Burslem Park, a public park, was laid out by Thomas H Mawson and opened to the public in 1894.
Reasons for Designation
Burslem Park, Stoke-on-Trent, opened in 1894, is designated at Grade II* for the following principal reasons:
* Design: although enhanced, the park’s design is essentially unchanged from its original layout of 1894;
* Designer: the park was designed by Thomas H Mawson, the leading landscape designer;
* Historic interest: the park was laid out on formerly derelict industrial land as civic improvements were made around stoke-on-Trent;
* Structures: the park retains various late C19 and later park structures, including a Pulhamite rockery;
Planting: retains a variety of mature planting and specimen trees.
The site, largely an area of derelict industrial land with pit shafts and cinder heaps, was laid out as a public park by Thomas H Mawson (d 1933) for the Town Council. Work began in 1893 and was completed in 1894, the cost of around £15,500 having been raised partly by voluntary subscription, and partly from the rates. The total cost of the park was over £17,000, meaning not all the facilities were available til after the opening of the park. Vast quantities of soil were brought into the site in order that the park could be laid out. Local builders were used for the main items of work within the park. Burslem Park was opened on the 30th August 1894, a month after the Cauldon Grounds (the first phase of Hanley Park, qv), also designed by Mawson.
Two shelters on the terrace were donated by Messrs. J. Gibson and Sons, another shelter was erected above the lake on a reclaimed pit mound. Two terracotta fountains, given by Mrs and the Misses Wilkinson in memory of the late Arthur Wilkinson were erected either side of the bandstand on the terrace. The park gates and seats were donated by the manufacturers, while the main gates near the Moorland entrance were made by Messrs Brown - Birmingham and designed by Mawson. The gates to Park Road and Haywood Hospital entrance were donated by Cllr & Mrs Arrowsmith.
A programme of restoration commenced in 2005, followed by 'Parks for People', Heritage Lottery Fund and was completed in 2012.
LOCATION, AREA, BOUNDARIES, LANDFORM, SETTING
The Park lies 400m to the east of Burslem town centre. The western limit of the park is marked by the disused Potteries Loop railway line, the other three sides bounding roads: Moorland Road to the south; Park Road Road to the east, and Hamil Road to the north. The park is of 9ha.
ENTRANCE AND APPROACHES
Two entrances lead into the ground off Hamil Road which forms the northern boundary, three off Park Road along the eastern edge, and two off Moorland Road to the south. The gate at the south-west corner of the site is flanked by a pair of terracotta drinking fountains built into the park wall, and is accompanied Moorland lodge.
The focus of the park is the pavilion, in the fashionable late C19 Elizabethan style, which stands on the eastern edge of the Terrace. Situated towards the eastern boundary of the site is a levelled platform (used before 1893 as an athletics ground) laid out as a formal flower garden separated by paths into eight level grass areas each with central perennial planting borders. At the centre of the western side of this platform is a modern cast iron bandstand (2008) which replaced the previous original pitch-pine bandstand destroyed by fire in 2005. A formal terracotta balustrade runs the full length of the terrace with matching brick and tile shelters at the north-west and south-west corners. Two drinking fountains are set back into the side entrance of the terrace.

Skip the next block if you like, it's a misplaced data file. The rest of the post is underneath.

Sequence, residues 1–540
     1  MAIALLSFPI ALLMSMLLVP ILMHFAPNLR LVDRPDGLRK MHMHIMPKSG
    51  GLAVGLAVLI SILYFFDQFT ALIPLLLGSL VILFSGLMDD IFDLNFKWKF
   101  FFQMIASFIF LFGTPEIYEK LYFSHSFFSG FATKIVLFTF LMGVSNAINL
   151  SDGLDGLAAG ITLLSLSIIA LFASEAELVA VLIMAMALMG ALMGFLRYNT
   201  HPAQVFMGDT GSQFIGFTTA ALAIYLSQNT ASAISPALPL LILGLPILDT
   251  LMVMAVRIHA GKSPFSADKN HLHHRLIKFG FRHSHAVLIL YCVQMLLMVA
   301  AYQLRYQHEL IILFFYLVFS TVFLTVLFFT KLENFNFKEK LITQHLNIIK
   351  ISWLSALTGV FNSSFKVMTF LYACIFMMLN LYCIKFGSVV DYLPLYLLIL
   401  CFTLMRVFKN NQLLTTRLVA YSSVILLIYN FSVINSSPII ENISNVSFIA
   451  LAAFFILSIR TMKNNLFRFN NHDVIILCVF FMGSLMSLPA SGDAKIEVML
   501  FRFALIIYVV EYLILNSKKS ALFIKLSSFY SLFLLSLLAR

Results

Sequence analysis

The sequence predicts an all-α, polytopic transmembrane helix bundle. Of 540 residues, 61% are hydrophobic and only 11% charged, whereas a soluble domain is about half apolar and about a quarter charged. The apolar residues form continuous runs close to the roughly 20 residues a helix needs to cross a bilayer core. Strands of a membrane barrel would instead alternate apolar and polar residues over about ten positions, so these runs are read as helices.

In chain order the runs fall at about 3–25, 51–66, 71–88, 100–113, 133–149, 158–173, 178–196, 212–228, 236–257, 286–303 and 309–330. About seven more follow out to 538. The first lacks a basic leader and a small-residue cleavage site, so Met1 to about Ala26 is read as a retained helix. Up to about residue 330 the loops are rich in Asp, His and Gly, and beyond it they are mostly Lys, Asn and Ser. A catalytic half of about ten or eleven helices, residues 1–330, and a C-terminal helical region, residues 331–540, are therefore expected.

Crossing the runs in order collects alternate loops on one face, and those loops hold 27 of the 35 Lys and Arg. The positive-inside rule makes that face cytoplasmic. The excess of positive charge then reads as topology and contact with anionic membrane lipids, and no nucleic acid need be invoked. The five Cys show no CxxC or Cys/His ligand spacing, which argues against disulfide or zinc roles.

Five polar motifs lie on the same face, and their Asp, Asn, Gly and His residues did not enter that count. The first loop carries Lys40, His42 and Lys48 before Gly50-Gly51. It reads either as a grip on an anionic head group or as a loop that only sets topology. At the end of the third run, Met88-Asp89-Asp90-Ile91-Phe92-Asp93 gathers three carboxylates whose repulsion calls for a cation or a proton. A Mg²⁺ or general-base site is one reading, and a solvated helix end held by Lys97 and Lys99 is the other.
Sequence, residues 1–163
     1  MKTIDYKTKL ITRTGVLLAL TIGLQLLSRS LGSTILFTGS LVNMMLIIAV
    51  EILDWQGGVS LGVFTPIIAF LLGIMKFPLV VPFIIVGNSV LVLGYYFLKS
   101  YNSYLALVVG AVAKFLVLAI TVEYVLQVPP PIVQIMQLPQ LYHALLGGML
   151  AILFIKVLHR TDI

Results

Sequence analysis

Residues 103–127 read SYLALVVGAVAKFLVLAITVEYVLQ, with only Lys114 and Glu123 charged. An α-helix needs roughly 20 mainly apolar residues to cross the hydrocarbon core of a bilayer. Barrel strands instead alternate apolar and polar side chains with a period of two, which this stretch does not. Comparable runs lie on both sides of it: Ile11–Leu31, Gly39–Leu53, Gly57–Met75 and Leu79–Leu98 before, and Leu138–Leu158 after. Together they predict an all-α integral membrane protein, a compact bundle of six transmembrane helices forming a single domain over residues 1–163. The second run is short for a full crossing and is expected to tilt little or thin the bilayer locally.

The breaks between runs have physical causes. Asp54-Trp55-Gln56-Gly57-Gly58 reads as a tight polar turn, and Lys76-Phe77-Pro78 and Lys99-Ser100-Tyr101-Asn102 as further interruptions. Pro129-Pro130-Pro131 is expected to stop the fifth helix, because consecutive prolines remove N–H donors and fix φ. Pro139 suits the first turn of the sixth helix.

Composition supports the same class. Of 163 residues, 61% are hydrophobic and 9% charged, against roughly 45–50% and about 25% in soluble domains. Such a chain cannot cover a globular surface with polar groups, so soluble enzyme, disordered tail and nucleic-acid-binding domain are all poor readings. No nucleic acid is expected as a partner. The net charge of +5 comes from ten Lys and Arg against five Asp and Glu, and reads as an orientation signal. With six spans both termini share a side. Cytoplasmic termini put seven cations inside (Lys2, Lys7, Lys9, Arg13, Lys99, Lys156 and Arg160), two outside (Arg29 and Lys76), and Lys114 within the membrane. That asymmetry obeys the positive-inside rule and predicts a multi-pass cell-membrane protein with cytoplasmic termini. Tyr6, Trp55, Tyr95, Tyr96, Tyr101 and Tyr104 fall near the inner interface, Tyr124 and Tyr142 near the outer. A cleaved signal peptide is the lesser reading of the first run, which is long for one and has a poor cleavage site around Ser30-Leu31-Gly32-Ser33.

To either side of the central axis of the Terrace, between the pavilion and the bandstand, are two original terracotta circular basins, with simple fountains, this was the original site of donated terracotta structures removed in the 1920s due to subsidence.
To the east of the pavilion is a second formal garden, again laid out on a level platform, which would seem to be a later modification of Mawson's design, one bowling green and a recreation space with associated restored shrubbery planting. The ground behind rises through terraced stonework and a restored informal gravel path with steps to a new entrance on to Park Road.
To either side of the bandstand steps lead down to join the network of informal tarmac paths and shrubbery borders around a tee lined central grass oval space. An informal lake (covering the site of an old colliery air shaft) occupies the western part of the park, the steeply rising land at its northern end being a former spoil heap. This is set out as an extensive rockery, constructed in Pulhamite, through which runs an ornamental cascade. On the summit of the mound is a pavilion of brick and tile from which there are extensive views over the lake and across the Potteries. Standing close to the eastern bank of the water is the site of an aviary built 1900, destroyed by fire in 1994 and removed in 1995. The stonework terrace has been restored as a seating area with a decorative mosaic feature in 2007.
To the south of the park, adjacent to Moorland Road, are tennis courts and a skate park area with a newly constructed viewing platform and flagpole (early C21). To the north is a recent (late C20) children's playground and open grass area lading up to the entrance on Hamil Road.
The boundary walls to the park have been restored and all the ornamental gates repaired by a local metal works firm.